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Kloppenborg vs. Fleddermann

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  • Ron Price
    Having now studied Fleddermann s Q: A Reconstruction and Commentary , I can provide at least a preliminary appraisal, with particular reference to the
    Message 1 of 5 , Nov 27, 2006
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      Having now studied Fleddermann's "Q: A Reconstruction and Commentary", I can
      provide at least a preliminary appraisal, with particular reference to the
      differences between his conclusions and those of Kloppenborg et al..

      From my perspective, the major points in favour of Fleddermann are:
      (1) He has worked out that Mark made use of the sayings source.
      (2) He has worked out that GTh is dependent on the synoptics, and therefore
      irrelevant for reconstructing the sayings source.
      (3) He rejects stratigraphic analysis.
      (4) He rejects the idea of Q recensions (Q-Mt and Q-Lk).

      Also in a few minor details (so far I've found ten) he supports my
      Web-published reconstruction of the logia, as opposed to that of the
      Critical Edition of Q.

      On the negative side:
      (1) He has the idealistic (and unimaginative) idea that Matthew and Luke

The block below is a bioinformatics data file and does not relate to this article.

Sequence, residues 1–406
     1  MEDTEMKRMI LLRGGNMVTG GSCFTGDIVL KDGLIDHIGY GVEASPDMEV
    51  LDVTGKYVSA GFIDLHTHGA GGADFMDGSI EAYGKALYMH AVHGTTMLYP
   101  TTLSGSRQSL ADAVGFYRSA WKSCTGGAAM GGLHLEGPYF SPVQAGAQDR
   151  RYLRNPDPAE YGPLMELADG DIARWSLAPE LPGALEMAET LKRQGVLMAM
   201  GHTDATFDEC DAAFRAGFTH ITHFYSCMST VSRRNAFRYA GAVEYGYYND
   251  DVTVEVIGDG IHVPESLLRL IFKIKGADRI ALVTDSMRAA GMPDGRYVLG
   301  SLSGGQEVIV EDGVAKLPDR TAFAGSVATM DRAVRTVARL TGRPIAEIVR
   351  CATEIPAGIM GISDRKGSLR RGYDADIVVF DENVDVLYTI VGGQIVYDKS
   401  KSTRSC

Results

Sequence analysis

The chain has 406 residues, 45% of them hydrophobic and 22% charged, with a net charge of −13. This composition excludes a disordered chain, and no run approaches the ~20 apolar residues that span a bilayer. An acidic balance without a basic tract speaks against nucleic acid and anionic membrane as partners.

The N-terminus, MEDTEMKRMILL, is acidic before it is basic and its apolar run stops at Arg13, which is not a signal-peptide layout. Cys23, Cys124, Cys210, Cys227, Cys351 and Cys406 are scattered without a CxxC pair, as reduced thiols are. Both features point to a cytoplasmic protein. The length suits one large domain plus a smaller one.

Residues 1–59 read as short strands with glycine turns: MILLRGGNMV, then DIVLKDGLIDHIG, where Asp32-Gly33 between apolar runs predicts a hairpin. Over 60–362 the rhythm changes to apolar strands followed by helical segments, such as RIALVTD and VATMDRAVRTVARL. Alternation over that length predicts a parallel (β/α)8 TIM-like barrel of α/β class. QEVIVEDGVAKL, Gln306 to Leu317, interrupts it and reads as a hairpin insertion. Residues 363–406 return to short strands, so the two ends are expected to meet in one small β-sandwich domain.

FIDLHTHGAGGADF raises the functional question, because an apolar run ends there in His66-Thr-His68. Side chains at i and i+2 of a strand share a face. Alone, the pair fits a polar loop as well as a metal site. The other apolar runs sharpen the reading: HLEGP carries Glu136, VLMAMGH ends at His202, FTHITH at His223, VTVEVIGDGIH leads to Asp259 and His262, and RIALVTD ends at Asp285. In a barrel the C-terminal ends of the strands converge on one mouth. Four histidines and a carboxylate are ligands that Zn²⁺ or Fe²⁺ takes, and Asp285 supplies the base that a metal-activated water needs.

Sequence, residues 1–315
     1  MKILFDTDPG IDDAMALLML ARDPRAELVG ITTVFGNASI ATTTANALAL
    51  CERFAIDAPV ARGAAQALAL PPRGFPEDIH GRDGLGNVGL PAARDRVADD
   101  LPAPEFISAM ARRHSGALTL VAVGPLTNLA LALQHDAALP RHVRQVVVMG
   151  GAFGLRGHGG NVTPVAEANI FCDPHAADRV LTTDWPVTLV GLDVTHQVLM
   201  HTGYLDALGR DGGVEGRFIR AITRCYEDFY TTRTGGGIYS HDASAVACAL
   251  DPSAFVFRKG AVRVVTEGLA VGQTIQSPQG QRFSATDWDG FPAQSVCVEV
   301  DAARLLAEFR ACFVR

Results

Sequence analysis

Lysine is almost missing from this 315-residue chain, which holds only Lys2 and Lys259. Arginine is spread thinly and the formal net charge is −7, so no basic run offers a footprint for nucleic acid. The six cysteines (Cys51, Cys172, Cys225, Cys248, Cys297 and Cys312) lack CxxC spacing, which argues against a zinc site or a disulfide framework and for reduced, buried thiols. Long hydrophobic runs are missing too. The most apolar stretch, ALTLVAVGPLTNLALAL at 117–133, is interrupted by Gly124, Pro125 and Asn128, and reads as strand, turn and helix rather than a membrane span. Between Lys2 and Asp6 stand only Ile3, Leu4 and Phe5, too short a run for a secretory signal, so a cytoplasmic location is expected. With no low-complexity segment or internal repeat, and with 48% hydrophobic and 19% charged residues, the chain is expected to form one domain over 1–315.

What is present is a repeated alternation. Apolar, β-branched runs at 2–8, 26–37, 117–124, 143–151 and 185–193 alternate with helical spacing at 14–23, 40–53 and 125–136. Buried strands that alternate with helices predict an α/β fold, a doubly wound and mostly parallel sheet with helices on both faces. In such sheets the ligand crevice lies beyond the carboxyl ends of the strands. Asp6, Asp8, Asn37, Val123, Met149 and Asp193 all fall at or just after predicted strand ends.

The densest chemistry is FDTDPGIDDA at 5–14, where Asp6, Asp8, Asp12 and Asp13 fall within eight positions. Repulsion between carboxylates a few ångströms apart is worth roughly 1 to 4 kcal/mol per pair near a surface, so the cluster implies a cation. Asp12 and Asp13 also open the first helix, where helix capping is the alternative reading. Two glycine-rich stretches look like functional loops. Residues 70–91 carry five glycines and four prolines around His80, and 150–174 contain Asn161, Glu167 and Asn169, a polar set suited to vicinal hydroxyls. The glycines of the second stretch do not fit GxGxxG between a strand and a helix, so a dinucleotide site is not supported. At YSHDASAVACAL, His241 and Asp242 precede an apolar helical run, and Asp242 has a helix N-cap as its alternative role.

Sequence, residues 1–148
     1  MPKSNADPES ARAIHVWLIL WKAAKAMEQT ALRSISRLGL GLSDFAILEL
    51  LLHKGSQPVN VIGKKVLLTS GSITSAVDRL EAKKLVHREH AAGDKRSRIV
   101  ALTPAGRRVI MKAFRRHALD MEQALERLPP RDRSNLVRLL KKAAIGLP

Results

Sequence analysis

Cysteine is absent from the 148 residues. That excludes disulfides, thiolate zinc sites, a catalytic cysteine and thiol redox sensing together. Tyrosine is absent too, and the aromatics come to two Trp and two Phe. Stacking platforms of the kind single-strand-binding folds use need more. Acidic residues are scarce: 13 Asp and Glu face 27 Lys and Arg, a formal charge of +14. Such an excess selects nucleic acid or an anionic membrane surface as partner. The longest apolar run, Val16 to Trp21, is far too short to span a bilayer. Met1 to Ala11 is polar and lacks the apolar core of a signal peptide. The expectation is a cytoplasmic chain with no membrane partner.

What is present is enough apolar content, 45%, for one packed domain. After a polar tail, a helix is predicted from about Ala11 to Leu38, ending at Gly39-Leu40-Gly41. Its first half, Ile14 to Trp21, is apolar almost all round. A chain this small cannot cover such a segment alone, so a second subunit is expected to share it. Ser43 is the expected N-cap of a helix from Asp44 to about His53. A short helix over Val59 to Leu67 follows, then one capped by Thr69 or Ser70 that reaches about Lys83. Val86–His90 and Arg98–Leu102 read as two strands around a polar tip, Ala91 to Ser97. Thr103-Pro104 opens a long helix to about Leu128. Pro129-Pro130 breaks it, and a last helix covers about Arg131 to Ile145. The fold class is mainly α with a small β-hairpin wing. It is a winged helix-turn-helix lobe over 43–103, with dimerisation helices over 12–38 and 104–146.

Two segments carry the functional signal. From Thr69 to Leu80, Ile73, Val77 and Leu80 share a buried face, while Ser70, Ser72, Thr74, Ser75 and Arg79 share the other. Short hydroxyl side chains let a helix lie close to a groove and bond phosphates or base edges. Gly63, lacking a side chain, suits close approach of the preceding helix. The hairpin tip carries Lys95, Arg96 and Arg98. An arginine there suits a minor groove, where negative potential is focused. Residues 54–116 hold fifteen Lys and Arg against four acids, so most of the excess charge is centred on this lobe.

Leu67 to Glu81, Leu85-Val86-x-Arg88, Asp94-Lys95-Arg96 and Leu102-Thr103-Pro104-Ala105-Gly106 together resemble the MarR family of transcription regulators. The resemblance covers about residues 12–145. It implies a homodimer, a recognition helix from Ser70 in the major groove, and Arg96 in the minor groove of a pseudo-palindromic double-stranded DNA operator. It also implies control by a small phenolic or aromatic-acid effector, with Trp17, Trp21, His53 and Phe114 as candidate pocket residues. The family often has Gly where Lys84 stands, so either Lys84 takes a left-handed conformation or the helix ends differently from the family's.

both contain the whole of the original sayings source.
      (2) He proposes a structure of Q which is claimed to be so complete that
      there is no room for any 'Sondergut' sayings. But what sort of structure has
      "The Adversaries" and "The Disciples" as main sections, but also as
      sub-sections within the main section "The Future Kingdom"? It looks to me
      like a muddled structure. Fleddermann and his predecessors in this quest are
      to find unity where there is none.
      (3) The lack of earlier layers forces him into dating Q rather late, ca. 75
      CE. Thus he would hardly be able to claim that the publication of Mark
      (supposed user of Q) was prompted by the Jewish revolt and the sack of
      Jerusalem in 70 CE.
      (4) He appears to evade altogether the main criticism usually levelled at
      those who claim Mark depended on the sayings source, i.e. if so why did Mark
      omit so much of it? (I suspect that he is afraid to draw attention to Mark's
      many omissions because this would tend to weigh against his claim that
      neither Matthew nor Mark omitted even a single saying.)

      Ron Price

      Derbyshire, UK

      Web site: http://homepage.virgin.net/ron.price/index.htm
    • Maluflen@aol.com
      Ron wrote of Fleddermann: (4) He appears to evade altogether the main criticism usually levelled at those who claim Mark depended on the sayings source, i.e.
      Message 2 of 5 , Nov 28, 2006